In a small, cozy office on South Pearl Street, a revolution has begun. Not a traditional one, with throngs of people chanting and marching. This one begins on a couch, with a warm smile and a conversation. These little moments are the catalyst for something much greater. This is the Lesbian Couples Institute (LCI), and it’s blazing a new path in the hetero-dominated world of counseling.
Dr. Lynda Spann will be your guide. Accompanied by her wife and business partner, Dr. Lisa Yaeger, and armed with decades of personal and professional experience, she leads the charge into uncharted territory: therapy created for lesbian couples, by lesbian couples. It’s a feat that many heterosexual therapists claim to have conquered, advertising their inclusivity and open mindedness, but they could never know the complexities and nuances of queer love that only come with lived experience — it’s just not in their wheelhouse.
For over 20 years, Dr. Spann has been a marriage counselor to all couples, but in 2018, she created LCI . Wanting to expand her innovative practice beyond the borders of the Denver area, Dr. Spann is now launching the LCI’s first online group coaching program for lesbian couples. I had the pleasure of sitting down with Dr. Spann to talk about her new course, queer love, and the future of the Lesbian Couples Institute. Enjoy!
What are some of the ways heterosexual therapists might not be the best option for lesbian or queer couples?
I think at one level, a relationship is a relationship, but at a whole other level, there are nuances and differences for lesbian couples, and part of that is just our experience of being in a marginalized group, a minority. So whenever a queer person or a couple can’t come to an office like this where they just know, “Alright, we can be ourselves, we can talk about all things, even sexual, and not get as weirded out as if we’re sitting with a straight therapist…” It creates a whole area of anxiety for gay couples.
There’s a spirit of wanting to help, but because straight therapists haven’t lived the experience of dealing with being in or out of the closet and how family members respond, or if you come from a religious family, how that impacts a couple if there’s a discrepancy between how “out” each person in the couple is. That can create some very unique challenges for them, and straight therapists just don’t get that.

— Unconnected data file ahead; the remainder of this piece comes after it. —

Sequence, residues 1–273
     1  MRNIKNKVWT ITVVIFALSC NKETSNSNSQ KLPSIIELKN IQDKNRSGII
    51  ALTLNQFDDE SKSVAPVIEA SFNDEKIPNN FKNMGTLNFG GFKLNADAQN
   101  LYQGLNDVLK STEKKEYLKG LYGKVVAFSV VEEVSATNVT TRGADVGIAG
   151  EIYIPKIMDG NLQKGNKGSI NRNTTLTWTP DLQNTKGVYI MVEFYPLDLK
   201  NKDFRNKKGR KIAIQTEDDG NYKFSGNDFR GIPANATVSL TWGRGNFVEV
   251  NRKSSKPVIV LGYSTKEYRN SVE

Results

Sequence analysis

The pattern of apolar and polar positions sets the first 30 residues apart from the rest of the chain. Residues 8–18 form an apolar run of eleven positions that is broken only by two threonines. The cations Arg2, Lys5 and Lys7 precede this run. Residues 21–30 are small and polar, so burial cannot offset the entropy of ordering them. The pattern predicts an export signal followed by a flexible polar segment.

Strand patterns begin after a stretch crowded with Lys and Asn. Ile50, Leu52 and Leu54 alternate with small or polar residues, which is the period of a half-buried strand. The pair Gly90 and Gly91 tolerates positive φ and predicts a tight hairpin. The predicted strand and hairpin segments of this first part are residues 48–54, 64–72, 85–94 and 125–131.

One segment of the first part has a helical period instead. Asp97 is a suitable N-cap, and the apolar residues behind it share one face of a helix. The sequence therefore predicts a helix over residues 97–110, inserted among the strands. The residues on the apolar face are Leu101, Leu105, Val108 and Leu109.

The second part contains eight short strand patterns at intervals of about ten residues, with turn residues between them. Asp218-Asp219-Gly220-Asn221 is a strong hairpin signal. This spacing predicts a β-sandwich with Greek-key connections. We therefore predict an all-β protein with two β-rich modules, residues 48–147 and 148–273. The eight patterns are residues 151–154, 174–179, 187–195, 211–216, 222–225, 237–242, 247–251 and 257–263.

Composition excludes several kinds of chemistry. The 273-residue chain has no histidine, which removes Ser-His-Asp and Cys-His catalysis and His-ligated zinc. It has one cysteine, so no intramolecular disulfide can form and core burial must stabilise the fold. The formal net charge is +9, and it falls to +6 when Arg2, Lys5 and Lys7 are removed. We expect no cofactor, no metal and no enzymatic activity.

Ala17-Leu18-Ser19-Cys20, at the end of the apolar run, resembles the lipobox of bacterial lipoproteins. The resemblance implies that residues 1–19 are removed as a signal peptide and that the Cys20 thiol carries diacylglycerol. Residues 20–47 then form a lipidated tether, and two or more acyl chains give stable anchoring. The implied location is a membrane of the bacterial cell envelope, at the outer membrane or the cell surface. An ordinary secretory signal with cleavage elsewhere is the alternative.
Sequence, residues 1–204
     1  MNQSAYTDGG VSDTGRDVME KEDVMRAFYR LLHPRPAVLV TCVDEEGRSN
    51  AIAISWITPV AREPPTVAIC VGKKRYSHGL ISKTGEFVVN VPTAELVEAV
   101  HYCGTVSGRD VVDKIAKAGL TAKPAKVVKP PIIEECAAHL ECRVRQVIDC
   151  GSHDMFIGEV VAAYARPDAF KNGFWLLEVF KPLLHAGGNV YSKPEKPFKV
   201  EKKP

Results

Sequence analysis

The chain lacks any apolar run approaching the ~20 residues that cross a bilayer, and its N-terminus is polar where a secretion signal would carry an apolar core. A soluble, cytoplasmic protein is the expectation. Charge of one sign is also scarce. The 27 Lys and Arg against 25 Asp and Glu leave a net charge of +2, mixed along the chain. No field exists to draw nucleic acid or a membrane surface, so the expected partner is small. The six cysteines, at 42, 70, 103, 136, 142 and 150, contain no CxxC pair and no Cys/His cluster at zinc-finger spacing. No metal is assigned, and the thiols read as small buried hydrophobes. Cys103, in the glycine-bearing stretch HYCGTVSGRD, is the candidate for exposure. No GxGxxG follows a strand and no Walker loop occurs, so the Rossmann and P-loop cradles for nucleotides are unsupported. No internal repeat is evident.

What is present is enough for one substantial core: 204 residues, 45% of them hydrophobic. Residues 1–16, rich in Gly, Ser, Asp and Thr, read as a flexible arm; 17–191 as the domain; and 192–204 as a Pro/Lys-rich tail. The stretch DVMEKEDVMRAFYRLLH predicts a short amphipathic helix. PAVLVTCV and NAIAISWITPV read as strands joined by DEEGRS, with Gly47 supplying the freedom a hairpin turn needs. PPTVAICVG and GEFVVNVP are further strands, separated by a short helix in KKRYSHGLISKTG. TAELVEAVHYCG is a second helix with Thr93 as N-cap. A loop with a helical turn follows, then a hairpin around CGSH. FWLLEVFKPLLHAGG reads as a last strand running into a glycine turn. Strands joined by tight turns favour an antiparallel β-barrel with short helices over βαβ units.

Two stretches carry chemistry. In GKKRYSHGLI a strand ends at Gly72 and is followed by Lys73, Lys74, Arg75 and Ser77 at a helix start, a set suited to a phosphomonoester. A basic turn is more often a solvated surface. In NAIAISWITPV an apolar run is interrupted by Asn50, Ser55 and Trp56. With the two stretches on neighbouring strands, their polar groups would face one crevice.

What are some of the differences that you’ve noticed between lesbian couples from heterosexual couples?
Women’s brains are different than men’s brains, and when therapists are used to working with heterosexual couples, there’s that specific heterosexual dance. It’s different when you have two female brains in the room. Whether it’s genetic or more socialized, women tend to be more feeling oriented, more sensitive … I think one of the things that’s true for lesbian couples in general is we have a tendency to merge much more quickly, and stay there longer. It’s an important part of relationship development but then for relationships to grow, there has to be the next stage, which is “Oh yeah, we’re different people; we’re separate; we’re together, and we’re separate.”
Another area that’s different is conversations about sexual intimacy. There’s often a greater decline in sexual intimacy frequency for lesbian couples that have been together for a long time than their straight counterparts. The term you’ve probably come across is “lesbian bed death” — I don’t like the term; I would never want to be prescriptive of something like that like. But testosterone is a big sex driver, and particularly for post-menopausal women, sex drive can tank, so that can be challenging. It can happen in lesbian couples where one is like, “Let’s keep this going; come hither!” and the other one’s like, “Ehhh, not feeling it.” That’s something that’s often a topic for couples that come to therapy, and they’re much more comfortable talking about it with a lesbian therapist.